Just purchased a Cary CD-500 from Johnny R at Audio Connection. It will be my last CD player, it sounds that good on my system. It also plays HDCD's and upsamples from the remote. The player retails for $3000.
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The Cary CD500 is a great player and especially good at it's price point.
You could also consider something like the Bel Canto Dac3.5 MKII and the Bel Canto CD3t transport. Would put you just a tad over the $5k mark, but makes a killer setup (and very flexible with all the digital inputs)
***Cary and Bel Canto dealer disclaimer***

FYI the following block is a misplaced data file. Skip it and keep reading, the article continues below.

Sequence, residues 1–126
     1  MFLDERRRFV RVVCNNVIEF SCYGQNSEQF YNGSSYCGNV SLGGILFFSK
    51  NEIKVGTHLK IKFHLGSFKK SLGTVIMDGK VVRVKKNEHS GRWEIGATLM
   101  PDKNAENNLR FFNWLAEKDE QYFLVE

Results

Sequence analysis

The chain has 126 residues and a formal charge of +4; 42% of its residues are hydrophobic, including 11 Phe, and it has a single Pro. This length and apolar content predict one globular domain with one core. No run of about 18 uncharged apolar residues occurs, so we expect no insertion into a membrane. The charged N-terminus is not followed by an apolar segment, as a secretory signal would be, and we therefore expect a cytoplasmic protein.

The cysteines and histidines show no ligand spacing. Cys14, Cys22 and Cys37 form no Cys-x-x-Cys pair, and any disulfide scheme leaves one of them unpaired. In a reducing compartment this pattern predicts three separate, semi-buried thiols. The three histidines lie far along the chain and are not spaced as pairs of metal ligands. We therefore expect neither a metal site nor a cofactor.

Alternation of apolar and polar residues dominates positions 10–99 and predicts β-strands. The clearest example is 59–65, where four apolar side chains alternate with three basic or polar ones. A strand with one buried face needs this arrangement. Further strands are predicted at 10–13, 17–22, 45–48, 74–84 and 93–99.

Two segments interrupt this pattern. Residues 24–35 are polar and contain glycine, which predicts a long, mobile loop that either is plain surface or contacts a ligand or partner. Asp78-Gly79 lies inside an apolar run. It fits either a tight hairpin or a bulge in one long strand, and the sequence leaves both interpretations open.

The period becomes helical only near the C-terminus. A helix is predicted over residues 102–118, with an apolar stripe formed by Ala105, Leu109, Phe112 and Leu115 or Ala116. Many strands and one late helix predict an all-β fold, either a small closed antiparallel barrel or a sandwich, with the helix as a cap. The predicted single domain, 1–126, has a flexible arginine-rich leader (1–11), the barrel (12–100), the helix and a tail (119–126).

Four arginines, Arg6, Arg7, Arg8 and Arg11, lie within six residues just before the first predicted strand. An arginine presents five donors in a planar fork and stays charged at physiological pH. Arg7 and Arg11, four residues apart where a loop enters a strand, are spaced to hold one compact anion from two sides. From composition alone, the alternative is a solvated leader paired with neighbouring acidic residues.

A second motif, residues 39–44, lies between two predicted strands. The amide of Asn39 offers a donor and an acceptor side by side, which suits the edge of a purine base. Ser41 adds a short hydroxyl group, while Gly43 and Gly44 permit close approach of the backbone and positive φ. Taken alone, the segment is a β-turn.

Hi Mrtennis, the way I understand it, the tubes-or-no question may be less relevant than you might think (though I'm certainly not doubting your experiences in the least), but generally it may come down more to 1) whether or not a piece has been modified or not and 2) who's doing the modding - what their overall level of experience level at modding is. Modding in this case is relevant because in fact so many makers out there are just plain cutting corners in order to compete, even in the over-$5000 category! It's industry-wide, but with CDP's it manifests itself in players that are typically either very good or near SOTA on the digital side internally, but in the still crucial analog domain they are anywhere from acceptable to just plain dismal. If manufacturers weren't so determined to cut corners in areas where they know consumers aren't any paying attention then it's likely modders would be out of a job overnight. But, if you will take the time to see for yourself, there are plenty of modders out there...a bad sign for manufacturers - a good thing for us maybe, but only if you can find an ethical modder. When it comes to modding in general, it turns out, that from a modder's perspective and when considering what particular piece of gear to mod, you really don't know if a given piece will respond well to all the tricks of the trade of modifying or not until you actually try it to start with and see. Sometimes you come up short: a fair amount of work and experimenting only to end up with a piece that doesn't actually sound all that much noticeably better for the effort. Something about that piece may be telling you that it's somehow inherently not worth modding. It COULD be a matter of trying a different approach in order to tease out a better result, but this is really more a matter of the overall skill and saaviness of the particular modder than perhaps anything else, but sometimes you may still end up with a rock. But, also sometimes you end up with something that's pretty dang good indeed...and then again once in a while you get something out of it that, as an experienced modder even, just blows you away at how good it can sound and I think that's what any modder that's worth his salt lives for. The confusion here for most people may be that not all modders are created equal. Some seem to be patient and persistent experimenters and take the time to actually LISTEN the results and think things through. Other modders are far less likely to experiment on their own and time and again choose to stick to a standard way of doing things that others have already pioneered...which all too often tends to be outdated ways of doing things. These folks tend to do lots of what's called "parts swapping" and try to do so according to a 'recipe' that is hopefully good in every situation (which it usually isn't) in an attempt to take out for themselves the 'case-by-case' complexity that this art otherwise calls for. They may or may not listen themselves to the results. What's likely worse is that these sorts of modders tend to charge rather high prices for their work...in my mind it amounts to gouging and in the minds of many audiophiles who also see what they are doing in the way that they market themselves it may amount to so much snake oil. But, these sorts of mods almost always sound at least something better than stock, but it's just that their inherent value will be considerably less than that from an ethical modder. Ric in my own opinion is one of the all-too-few ethical modders. His pricing reflects a very low overhead as he will gladly tell you and this fact currently results in a marketplace in which Ric enjoys the contradictory circumstance of being (again in my opinion) both the best and least expensive of the modders I'm aware of. I suppose that amounts to a "plug alert", but there it is. Hope this helps.